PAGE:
First of all, an apology. A few months ago I started to write about working as a self-employed teacher. I had the intention of writing a whole series, but only managed the first one before life got in the way. Here I am, though, back and ready to get the series going again. I have been a freelance* teacher first in Rio de Janeiro and now Curitiba for over 10 years.  I thoroughly enjoy it, so much so that I shudder at the possibility of ever having to go...

In December last year, there was a particularly popular chat on Facebook hosted by the wonderful people at Brazil ELT (BRELT) on being a private teacher.  The end of the academic year is always a time for change, and so lots of teachers might be thinking about striking out on their own. It’s almost exactly 8 years since I decided to give up teaching for schools and concentrate only on myself.  I had always had the odd private student to add to my meagre income, but going it alone...

Dear Diary, I haven’t written much on here for the last few months.  The two main reasons for this are a lack of time and  inspiration. The lack of time is never going to change, and I suspect this is the same for most people no matter what job they do, how big or small their family is or what hobbies they have.  There just aren’t enough ours in the day to everything we would like to. The lack of inspiration, though, is something that we can work at.  Inspiration can...

How are your plans for professional development going for this year?  Do you remember what you promised yourself you would do at the beginning of the year to keep improving as a teacher?  Were you going to observe classes?  Go to a conference?  Lead workshops?  I hope you have been able to keep some of your promises to yourself, if you even made them in the first place. (Un)fortunately, I have been teaching English for over 20 years now.  This means that it can be difficult to find new...

Part one in an occasional series that describes some of the students I have had the pleasure (or misfortune) of working with and how I learnt to deal with them. The Student There is an episode of The Simpsons called ‘Bart Gets an F’ which should be compulsory viewing for all teachers.  Bart is in trouble for constantly failing exams and is under threat of having to repeat the year.  The episode looks at different learning processes, the way traditional education fails many students, the damaging effect educational systems have on teachers,...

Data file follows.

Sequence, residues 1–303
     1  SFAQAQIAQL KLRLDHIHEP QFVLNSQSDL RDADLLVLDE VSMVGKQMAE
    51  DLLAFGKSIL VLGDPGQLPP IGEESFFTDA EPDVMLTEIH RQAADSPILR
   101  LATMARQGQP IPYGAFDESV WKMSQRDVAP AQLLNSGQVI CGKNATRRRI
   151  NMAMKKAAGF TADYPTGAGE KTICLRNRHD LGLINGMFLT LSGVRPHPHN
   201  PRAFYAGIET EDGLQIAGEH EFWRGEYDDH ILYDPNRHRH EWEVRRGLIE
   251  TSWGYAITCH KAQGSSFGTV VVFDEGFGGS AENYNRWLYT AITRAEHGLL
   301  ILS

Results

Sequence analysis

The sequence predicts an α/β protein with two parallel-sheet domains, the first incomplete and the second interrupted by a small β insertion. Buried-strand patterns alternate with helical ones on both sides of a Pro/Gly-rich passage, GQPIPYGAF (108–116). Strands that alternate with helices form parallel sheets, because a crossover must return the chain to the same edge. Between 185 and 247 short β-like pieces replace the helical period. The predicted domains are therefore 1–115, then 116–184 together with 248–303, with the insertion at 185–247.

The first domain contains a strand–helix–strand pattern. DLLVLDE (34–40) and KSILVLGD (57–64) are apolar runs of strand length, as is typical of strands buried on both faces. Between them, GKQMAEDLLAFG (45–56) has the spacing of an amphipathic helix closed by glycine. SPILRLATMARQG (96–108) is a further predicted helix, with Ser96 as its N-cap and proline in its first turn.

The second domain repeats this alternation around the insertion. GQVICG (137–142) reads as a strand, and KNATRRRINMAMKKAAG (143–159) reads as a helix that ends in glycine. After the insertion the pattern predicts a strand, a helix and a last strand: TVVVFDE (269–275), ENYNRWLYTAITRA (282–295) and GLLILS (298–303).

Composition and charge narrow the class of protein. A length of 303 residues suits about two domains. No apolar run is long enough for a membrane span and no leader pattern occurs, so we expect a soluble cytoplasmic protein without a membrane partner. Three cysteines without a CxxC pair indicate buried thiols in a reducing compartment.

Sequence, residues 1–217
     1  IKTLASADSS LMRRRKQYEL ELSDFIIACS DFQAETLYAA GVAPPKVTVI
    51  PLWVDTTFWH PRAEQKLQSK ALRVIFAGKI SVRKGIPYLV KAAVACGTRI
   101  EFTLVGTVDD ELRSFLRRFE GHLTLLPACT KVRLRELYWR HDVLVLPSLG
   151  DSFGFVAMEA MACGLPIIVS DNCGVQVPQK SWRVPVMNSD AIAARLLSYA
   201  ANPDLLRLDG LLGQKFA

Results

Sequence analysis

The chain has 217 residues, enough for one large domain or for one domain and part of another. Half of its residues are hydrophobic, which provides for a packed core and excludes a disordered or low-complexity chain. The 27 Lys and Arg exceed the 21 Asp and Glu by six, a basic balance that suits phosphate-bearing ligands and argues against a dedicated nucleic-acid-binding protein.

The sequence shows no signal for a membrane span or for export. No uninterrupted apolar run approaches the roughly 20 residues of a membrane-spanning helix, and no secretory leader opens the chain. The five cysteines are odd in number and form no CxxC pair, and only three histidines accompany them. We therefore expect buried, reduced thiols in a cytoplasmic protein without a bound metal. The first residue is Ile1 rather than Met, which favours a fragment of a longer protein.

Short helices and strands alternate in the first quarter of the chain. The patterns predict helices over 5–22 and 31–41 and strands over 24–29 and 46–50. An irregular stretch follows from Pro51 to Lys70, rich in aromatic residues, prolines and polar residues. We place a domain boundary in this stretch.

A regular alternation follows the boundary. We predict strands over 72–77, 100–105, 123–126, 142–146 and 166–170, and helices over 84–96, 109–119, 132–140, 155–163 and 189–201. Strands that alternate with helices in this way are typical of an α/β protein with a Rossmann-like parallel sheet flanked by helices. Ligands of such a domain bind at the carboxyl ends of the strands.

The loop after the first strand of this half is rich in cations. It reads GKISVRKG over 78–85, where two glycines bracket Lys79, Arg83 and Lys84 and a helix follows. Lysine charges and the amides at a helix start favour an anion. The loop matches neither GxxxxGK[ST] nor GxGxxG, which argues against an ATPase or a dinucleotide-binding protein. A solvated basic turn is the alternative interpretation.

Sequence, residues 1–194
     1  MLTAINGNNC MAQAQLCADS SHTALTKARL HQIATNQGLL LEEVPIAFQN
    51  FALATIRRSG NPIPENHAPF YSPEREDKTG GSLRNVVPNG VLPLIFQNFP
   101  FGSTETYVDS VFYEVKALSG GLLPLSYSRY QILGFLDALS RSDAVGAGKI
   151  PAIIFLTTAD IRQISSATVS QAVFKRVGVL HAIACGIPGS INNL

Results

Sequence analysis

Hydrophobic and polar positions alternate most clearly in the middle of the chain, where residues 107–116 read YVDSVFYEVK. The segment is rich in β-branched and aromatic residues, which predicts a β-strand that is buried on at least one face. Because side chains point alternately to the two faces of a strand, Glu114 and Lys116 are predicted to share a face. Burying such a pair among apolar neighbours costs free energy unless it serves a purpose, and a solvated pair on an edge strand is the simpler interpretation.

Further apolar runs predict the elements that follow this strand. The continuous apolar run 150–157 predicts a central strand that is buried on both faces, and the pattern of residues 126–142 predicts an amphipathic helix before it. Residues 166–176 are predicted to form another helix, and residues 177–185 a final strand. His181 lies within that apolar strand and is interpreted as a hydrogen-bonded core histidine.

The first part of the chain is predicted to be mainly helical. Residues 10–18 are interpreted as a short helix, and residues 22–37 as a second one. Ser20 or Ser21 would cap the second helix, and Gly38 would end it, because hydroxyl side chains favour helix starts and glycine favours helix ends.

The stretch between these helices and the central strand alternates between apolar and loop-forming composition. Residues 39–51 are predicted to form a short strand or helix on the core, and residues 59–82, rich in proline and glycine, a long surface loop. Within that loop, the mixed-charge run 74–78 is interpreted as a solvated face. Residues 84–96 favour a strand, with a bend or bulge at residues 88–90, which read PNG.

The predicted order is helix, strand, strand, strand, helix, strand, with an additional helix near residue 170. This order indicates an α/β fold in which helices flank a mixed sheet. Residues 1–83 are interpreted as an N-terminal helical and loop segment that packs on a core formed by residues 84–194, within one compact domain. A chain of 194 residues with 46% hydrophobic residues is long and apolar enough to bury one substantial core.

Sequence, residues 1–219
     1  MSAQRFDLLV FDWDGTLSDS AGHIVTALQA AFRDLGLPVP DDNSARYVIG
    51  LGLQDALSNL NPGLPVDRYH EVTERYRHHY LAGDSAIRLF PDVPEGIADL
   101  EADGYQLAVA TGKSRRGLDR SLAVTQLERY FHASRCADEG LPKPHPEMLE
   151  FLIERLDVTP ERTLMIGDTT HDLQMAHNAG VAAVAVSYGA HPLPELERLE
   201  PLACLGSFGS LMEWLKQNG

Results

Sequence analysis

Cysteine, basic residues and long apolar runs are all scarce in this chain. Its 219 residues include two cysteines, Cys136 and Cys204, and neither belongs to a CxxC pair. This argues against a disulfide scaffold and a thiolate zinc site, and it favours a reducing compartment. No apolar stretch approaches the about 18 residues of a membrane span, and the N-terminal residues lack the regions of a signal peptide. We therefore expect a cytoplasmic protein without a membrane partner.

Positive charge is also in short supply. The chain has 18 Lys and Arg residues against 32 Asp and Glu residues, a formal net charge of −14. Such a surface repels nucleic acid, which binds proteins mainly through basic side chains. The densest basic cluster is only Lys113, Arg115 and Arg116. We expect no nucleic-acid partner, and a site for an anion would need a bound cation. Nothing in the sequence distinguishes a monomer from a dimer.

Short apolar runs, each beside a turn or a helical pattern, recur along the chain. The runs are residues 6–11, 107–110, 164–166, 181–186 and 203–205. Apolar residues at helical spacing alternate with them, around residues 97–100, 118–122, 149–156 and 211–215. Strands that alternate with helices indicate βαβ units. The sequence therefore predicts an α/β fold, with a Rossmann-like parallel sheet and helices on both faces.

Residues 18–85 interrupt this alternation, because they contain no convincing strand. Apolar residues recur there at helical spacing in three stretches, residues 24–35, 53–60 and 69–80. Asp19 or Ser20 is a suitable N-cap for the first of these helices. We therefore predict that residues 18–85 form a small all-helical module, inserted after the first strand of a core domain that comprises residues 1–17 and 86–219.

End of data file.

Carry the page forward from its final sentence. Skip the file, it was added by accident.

I once had the great pleasure to see the funniest comedian ever doing his stand-up routine live at my university.  I was only a few weeks into my first term when I saw the flyers going around advertising Bill Hicks in the student union.  I persuaded a couple of new-found friends to go with me and we sat on the floor of the sports hall and just laughed for two hours.  Pure comedy gold. One of the many routines that he did last night and that I often find...

What burning questions have you got about EFL?  You know the ones that are burning away in the back of your mind but you felt too foolish to ask, or those ones that you have asked but never got a decent answer, or even the ones you just never found the time to ask. Well, now there is a way to quickly and easily get them answered. A new project called EFL Talks has been asking teachers from all around the world for questions they would like answered and have...

One of the best parts of my job is working with other teachers.  This can be anything from a one-off 60-minute workshop, to a whole year of regular sessions with everything in between.  There are many ways of approaching this work with a variety of names that all suggest a slight difference in focus: teacher training, teacher development, teacher education, professional development are just some of the different terms you can easily find bandied about.  For some ideas on the differences between these approaches try reading Jack C...